1.2 units of measurement
from hands-on chemistry
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1.2.1 THE IMPORTANCE OF UNITS
1.2.2 UNITS IN CHEMSITRY
1.2.3 PROBLEM SOLVING (dimensional analysis)
FOR THE TEACHER
1.2.1 THE IMPORTANCE OF UNITS
1.2.2 UNITS IN CHEMISTRY
1.2.3 PROBLEM SOLVING (Dimensional Analysis)
An accurate and consistent system of measurement is the foundation of a healthy economy. In the United States, a carpenter pays for lumber by the board-foot, while a motorist buys gasoline by the gallon, and a jeweler sells gold by the ounce. Land is sold by the acre, fruits and vegetables are sold by the pound, and electric cable is sold by the yard. Without a consistent, honest system of measurement, world trade would be thrown into chaos. Throughout history, buyers and sellers have tried to defraud each other by inaccurately representing the quantity of the product exchanged. In the Bible we read that the people of Israel were commanded to not "...use dishonest standards when measuring length, weight or quantity" but rather "use honest scales and honest weights..." (Leviticus 19:35-36). From ancient times to the present there has been a need for measuring things accurately.
When the ancient Egyptians built monuments like the pyramids, they measured the stones they cut using body dimensions every worker could relate to. Small distances were measured in "digits" (the width of a finger) and longer distances in "cubits" (the length from the tip of the elbow to the tip of the middle finger; 1 cubit = 28 digits). The Romans were famous road builders and measured distances in "paces" (1 pace = two steps). Archaeologists have uncovered ancient Roman roads and found "mile"-stones marking each 1000 paces (mil is Latin for 1000). The Danes were a seafaring people and particularly interested in knowing the depth of water in shipping channels. They measured soundings in "fathoms" (the distance from the tip of the middle finger on one hand to the tip of the middle finger on the other) so navigators could easily visualize how much clearance their boats would have. In England distances were defined with reference to body features of the king. A "yard" was the circumference of his waist, an "inch" was the width of his thumb, and a "foot" the length of his foot. English farmers, however, estimated lengths in something they could more easily relate to: "furlongs", the length of an average plowed furrow.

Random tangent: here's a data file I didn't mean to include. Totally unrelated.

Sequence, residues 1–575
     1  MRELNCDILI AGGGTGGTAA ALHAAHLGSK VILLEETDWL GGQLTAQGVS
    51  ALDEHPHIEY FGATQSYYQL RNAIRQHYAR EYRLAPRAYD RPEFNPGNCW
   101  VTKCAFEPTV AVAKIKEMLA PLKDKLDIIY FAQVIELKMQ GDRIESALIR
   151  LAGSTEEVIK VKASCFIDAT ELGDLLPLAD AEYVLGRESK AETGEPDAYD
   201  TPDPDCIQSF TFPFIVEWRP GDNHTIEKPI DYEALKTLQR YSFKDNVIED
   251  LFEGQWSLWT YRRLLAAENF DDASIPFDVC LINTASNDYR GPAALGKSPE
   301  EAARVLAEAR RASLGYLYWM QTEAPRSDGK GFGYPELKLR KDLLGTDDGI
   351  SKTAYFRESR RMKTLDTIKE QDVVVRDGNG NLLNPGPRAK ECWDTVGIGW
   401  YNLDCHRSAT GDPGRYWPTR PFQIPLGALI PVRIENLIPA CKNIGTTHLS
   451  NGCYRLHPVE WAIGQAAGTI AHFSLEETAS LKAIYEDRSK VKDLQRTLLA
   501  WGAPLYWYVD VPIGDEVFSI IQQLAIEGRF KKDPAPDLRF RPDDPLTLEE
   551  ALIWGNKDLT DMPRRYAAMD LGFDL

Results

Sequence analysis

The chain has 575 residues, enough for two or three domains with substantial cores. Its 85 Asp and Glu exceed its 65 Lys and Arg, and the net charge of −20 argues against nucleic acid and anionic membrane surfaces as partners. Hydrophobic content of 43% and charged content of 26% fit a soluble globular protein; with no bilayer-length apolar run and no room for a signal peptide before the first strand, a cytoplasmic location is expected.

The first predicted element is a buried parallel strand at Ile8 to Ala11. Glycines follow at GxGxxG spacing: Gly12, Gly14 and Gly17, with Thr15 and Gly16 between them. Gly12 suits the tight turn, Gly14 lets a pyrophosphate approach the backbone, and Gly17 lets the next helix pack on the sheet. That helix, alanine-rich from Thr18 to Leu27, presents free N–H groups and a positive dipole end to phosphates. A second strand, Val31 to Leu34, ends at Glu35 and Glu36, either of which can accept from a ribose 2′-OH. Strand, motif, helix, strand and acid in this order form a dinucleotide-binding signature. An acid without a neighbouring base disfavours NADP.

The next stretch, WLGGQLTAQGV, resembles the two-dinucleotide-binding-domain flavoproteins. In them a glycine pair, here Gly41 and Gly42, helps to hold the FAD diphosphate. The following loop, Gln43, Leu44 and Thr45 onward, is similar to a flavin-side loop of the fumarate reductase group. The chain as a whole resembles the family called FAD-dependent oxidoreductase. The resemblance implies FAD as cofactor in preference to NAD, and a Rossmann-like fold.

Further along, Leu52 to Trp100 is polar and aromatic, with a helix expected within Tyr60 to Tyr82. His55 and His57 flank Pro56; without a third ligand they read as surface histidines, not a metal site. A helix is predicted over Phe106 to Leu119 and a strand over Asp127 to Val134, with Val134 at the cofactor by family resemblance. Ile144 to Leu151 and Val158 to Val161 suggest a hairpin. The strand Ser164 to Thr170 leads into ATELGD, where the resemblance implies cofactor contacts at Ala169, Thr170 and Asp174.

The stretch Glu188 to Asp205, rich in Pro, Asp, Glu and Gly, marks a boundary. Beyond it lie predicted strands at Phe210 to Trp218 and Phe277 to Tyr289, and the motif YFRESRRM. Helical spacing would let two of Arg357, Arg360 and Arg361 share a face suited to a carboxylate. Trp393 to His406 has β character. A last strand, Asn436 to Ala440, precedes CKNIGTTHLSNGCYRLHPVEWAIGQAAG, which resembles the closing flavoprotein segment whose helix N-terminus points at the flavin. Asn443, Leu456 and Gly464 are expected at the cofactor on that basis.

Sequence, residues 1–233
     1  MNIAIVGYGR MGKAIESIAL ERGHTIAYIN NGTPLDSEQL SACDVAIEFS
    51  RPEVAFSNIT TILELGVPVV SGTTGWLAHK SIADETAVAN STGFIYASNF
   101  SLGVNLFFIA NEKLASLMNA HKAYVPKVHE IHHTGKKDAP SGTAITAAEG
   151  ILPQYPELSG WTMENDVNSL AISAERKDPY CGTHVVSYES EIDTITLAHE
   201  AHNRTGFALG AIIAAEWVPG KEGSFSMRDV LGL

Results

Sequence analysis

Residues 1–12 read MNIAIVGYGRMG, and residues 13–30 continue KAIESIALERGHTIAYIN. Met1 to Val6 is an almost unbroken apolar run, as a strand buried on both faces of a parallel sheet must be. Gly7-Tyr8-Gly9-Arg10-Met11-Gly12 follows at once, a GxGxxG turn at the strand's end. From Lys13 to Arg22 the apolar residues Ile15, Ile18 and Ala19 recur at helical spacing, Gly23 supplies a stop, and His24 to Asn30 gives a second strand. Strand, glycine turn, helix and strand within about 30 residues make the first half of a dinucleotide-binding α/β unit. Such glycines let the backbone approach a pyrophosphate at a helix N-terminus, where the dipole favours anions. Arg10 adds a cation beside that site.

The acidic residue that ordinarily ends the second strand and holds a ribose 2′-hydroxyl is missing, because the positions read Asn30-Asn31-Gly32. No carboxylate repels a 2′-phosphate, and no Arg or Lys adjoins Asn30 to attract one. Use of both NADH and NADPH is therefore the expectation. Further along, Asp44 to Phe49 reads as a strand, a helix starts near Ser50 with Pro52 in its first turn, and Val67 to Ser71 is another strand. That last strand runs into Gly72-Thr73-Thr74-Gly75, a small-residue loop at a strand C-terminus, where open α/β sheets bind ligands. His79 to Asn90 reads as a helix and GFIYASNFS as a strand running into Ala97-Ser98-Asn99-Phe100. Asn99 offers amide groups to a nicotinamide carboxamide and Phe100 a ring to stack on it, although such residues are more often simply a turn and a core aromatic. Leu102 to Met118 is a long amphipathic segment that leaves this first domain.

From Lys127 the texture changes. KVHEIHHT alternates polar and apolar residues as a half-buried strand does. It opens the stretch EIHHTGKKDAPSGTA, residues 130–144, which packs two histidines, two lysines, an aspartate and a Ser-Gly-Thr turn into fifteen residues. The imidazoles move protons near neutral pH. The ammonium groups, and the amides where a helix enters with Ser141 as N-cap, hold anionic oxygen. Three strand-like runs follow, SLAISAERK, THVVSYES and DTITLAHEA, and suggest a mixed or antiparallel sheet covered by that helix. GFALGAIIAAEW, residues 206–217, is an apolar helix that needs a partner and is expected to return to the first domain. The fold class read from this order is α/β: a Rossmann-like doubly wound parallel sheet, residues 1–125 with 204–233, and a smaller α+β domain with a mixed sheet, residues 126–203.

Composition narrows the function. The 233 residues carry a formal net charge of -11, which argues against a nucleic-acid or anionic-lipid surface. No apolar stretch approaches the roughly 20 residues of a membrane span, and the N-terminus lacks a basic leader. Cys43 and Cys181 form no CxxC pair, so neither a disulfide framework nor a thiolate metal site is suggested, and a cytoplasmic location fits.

As various cultures emigrated to England, they brought with them their various measurement systems. Today, the English or Customary system reflects the variety of different measurement systems from which it originated. There are, for example, many units in which distance can be measured in the Customary system, but they bear no logical relationship to each other:
1 statute mile = 0.8688 nautical miles = 1,760 yards = 320 rods = 8 furlongs =5280 feet = 63360 inches = 880 fathoms = 15840 hands
Many English units are specific to certain professions or trades. A sea captain reports distances in nautical miles and depths in fathoms, while a horse trainer measures height in hands and distance in furlongs. Unfortunately, most people have no idea what nautical miles, fathoms, hands, or furlongs are because they only use the more common measures of miles, yards, inches.
The early English settlers brought the Customary system of measurement with them to the American colonies. Although the Customary system is still widely used in America, scientists prefer to use the metric system. Unlike the English (Customary) system, the metric system did not evolve from a variety of ancient measurement systems, but was a logical, simplified system developed in Europe during the seventeenth and eighteenth centuries. The metric system is now the mandatory system of measurement in every country of the world except the United...
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